The games that made it on to this list, as well as their relative rankings, are based on the following criteria: (1) How good do I feel the game is, (2) How much of an impact did the game have on me as a gamer, and (3) How interested would I be in replaying the game right now. I also wanted to include only games where FPS gameplay is the primary, defining element; a game like Vampire: The Masquerade - Bloodlines would rank higher than a lot of games on this list, but it's an RPG first and foremost, so I had to exclude it. And as much as I wanted to include Metroid Prime, it's really not an FPS at its heart, even though FPS gameplay is a major part of it. Spoiler alert: Vampire Bloodlines and Metroid Prime will not be on this list.

Thursday, February 11, 2016

Great Games You Never Played: The "No One Lives Forever" Series

The Operative: No One Lives Forever and its sequel, No One Lives Forever 2: A Spy in HARM's Way, are a series of first-person shooters developed by Monolith Productions in 2000 and 2002, in which players take the role of 1960s secret agent Cate Archer trying to stop a villainous criminal organization from taking over the world. Overshadowed by major releases like GoldenEye, Half-Life, Deus Ex, and Halo, the NOLF series achieved only moderate financial success at the time and was soon abandoned by Monolith in favor of new series like Condemned and FEAR. Fox Interactive since allowed the copyright to fall into no man's land, preventing the games from ever being made available for digital downloads via Steam or GOG, thus cementing the series' cult status in the annals of video game history.

I played these games for the first time in late 2006 and considered them to be some of the best first-person shooters I'd ever played. Playing them again now, 10 years later (and 16 years after the first game's initial release), I can definitely tell how much these games have aged, but the things that made them so novel back in the day -- the story, the characters, the atmosphere, and the humor -- are just as good now as they were then. Some of the gameplay elements feel a little outdated, granted, but these were somewhat groundbreaking games for their time, being some of the first first-person shooters to allow and encourage stealth, while their emphasis on using spy gadgetry to complete your objectives in a story-driven, swinging 60s setting makes these games truly stand out from the crowd.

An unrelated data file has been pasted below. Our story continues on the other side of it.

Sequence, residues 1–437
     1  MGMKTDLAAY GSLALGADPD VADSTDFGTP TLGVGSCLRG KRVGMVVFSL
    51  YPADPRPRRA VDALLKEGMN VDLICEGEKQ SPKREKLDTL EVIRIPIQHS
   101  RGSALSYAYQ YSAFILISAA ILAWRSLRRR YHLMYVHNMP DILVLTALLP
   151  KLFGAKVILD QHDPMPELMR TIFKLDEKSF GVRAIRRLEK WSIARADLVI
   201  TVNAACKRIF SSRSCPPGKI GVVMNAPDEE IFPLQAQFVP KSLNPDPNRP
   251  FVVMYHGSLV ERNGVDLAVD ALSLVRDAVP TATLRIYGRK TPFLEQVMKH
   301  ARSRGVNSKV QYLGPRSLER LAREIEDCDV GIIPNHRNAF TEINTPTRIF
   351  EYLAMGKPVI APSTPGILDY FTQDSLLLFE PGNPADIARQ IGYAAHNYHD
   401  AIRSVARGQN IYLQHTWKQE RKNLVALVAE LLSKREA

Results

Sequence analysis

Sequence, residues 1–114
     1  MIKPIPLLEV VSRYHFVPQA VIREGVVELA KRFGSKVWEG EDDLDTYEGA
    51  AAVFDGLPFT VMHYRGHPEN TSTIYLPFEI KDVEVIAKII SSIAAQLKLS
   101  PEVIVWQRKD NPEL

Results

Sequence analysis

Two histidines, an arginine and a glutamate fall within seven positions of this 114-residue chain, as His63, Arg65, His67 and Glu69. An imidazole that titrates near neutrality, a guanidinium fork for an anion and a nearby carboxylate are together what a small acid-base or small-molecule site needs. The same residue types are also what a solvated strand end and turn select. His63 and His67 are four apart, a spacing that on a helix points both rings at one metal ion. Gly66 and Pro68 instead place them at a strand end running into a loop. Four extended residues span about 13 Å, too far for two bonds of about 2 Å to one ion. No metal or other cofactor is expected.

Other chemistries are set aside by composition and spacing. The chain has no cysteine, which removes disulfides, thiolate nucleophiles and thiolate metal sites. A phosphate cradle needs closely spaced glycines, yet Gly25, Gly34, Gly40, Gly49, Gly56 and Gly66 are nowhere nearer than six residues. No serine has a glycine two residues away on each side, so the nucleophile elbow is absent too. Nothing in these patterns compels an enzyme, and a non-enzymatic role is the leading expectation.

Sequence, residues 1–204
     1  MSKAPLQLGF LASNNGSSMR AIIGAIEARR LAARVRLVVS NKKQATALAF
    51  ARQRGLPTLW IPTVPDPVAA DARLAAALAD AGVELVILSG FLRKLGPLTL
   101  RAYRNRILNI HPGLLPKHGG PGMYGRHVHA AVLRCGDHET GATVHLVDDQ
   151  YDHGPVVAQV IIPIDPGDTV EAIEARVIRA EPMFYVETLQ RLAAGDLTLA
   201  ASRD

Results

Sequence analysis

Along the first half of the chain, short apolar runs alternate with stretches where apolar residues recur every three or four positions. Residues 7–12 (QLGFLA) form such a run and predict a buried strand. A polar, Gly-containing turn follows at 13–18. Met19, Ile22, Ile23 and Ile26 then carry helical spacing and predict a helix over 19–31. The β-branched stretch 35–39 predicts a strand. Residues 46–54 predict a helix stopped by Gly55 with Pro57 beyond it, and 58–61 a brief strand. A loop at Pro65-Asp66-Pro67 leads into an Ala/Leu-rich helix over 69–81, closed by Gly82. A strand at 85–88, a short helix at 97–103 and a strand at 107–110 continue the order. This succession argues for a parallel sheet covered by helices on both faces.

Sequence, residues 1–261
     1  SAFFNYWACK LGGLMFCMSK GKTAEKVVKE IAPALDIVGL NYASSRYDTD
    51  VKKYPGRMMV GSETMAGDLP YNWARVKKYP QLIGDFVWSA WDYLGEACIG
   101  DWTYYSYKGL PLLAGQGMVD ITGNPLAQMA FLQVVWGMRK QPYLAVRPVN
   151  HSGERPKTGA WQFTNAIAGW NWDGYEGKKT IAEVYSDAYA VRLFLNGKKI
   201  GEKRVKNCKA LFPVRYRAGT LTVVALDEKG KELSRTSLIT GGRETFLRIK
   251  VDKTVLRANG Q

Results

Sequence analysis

Perhaps the biggest testament to NOLF's legacy is how well the series compares to other games of its time. When Half-Life came along in 1998, it forever changed the way shooters were made, yet in the years immediately following its release, few shooters adhered as closely to its lessons as NOLF1, which took the immersive gameplay and narrative-driven level progression from Half-Life and applied it to a more cinematic experience. GoldenEye was a defining genesis for console shooters; NOLF1 took its spy gadgetry and thematic objectives and gave them a more robust focus that, arguably, made NOLF1 a better James Bond game than GoldenEye itself. And when Deus Ex turned people's heads with its inclusion of RPG-style leveling and skills, NOLF2 did the same thing and vastly improved its own gameplay. All-the-while, the NOLF games were some of the first FPSs to allow players the freedom to choose how they'd go about completing a level, by allowing you to stealth your way past guards or to go in guns blazing.

In essence, the NOLF series takes the best elements of these iconic, classic games and blends them together with strong writing, interesting characters, a compelling story, an amusing sense of humor, and some of the most memorable level sequences of its time into games that are even better than the sum of their parts. It's even more impressive when you consider that there really are a lot of good parts to these games, with the wide variety of guns, the different types of ammunition, all of Cate's cool spy gadgets, the vehicles, the variety of mission types, and all the different locations. The story offers a solid premise with a lot of good twists and hooks, and the silly, lighthearted Austin Powers-esque atmosphere offers the series a uniquely refreshing flavor that will have you laughing at some of its more absurd moments, or else simply smiling at the realization that these games just want you to have fun, plain and simple.